Read translations of the Public Hearing notice in Spanish, Vietnamese and Chinese
Learn more by watching this Redistricting video

Public Hearing on Multi-use Detention Pilot Parks, Including Cambridge Village Park, Held July 13, 2022

City Council held a public hearing on the implementation of multi-use detention in five Pilot Park Projects that includes Boone Park, Cambridge Village Park, Edgewood Park, EP Hill Park, and Hackberry Park. The public was invited to provide comment on the proposed project. View the video of the public hearing here: Public Hearing: Multi-Use Detention in 5 Pilot Park Projects
Houston Public Works collaborated with the Houston Parks and Recreation Department to create multi-use detention in parks in flood prone areas that require mitigation in combination with storm system improvements. The use of the parks as multi-use detention sites will allow for flood resiliency in neighborhoods, enhance green spaces in the parks, and maintain the quality of life benefits in the neighborhoods.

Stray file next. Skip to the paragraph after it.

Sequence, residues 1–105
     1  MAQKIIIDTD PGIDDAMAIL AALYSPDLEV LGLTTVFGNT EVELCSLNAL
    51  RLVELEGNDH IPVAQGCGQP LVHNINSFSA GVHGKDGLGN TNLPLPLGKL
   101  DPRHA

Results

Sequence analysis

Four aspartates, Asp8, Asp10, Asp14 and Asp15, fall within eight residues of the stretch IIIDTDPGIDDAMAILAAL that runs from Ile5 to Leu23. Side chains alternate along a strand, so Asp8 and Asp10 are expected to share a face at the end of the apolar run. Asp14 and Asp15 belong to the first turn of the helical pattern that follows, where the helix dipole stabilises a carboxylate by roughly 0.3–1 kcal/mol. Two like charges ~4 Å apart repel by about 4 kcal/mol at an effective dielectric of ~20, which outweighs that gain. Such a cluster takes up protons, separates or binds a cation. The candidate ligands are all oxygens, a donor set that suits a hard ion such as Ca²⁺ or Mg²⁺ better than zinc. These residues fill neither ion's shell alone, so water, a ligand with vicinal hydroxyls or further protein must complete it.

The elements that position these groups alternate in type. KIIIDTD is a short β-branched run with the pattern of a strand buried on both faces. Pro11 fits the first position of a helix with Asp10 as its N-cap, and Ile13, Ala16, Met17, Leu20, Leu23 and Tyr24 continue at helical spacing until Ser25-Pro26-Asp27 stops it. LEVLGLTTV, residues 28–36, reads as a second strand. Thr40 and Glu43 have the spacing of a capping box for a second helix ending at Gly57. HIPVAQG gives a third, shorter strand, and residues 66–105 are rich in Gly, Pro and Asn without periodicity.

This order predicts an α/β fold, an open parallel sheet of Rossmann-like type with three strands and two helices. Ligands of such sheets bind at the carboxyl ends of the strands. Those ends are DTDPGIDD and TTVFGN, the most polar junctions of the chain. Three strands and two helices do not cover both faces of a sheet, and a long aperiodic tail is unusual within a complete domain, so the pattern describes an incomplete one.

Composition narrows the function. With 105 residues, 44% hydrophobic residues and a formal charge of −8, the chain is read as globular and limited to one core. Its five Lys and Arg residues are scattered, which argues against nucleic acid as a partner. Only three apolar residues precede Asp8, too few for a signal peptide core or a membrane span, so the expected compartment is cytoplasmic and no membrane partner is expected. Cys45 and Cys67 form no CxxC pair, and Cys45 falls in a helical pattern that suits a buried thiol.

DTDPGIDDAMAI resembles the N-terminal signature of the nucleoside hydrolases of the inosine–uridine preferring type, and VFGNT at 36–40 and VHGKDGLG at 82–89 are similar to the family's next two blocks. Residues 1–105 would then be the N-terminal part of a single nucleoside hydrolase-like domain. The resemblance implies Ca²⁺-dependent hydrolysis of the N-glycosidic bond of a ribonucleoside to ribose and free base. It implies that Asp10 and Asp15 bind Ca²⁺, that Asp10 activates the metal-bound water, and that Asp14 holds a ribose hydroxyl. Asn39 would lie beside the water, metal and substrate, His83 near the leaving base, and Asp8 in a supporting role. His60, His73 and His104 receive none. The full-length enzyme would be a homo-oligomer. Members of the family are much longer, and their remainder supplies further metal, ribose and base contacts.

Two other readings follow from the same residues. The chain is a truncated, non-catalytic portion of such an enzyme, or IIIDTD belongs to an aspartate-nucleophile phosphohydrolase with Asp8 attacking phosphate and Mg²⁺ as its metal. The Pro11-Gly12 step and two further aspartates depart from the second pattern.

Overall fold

Cambridge Village Park projected amenities include a walking trail, soccer field, lighting, exercise stations, and shade structures, and replaced turf and trees with new shade trees added.

Notice: Application for Cellular Tower Near Angel Lane Community

The Planning and Development Department received an application for the construction of a 165 foot tall cellular tower near the Angel Lane community at 12728 2/3 Buffalo Speedway, Houston, TX 77045. The City’s Tower Ordinance, Code of Ordinance 41-60, requires written notification to be sent to property owners within the area.
Property owners who feel the proposed construction of this tower might violate any applicable restriction, rule, regulation, or ordinance may submit a written request for a hearing before the Tower Commission. Property owners must provide documents, instruments, or other materials that support the request, and do so before 2:00 PM, Friday, August 8, 2022.
Additional information may be obtained by writing or calling Geoff Butler, Planning and Development Department, at 832-393-6528 or [email protected].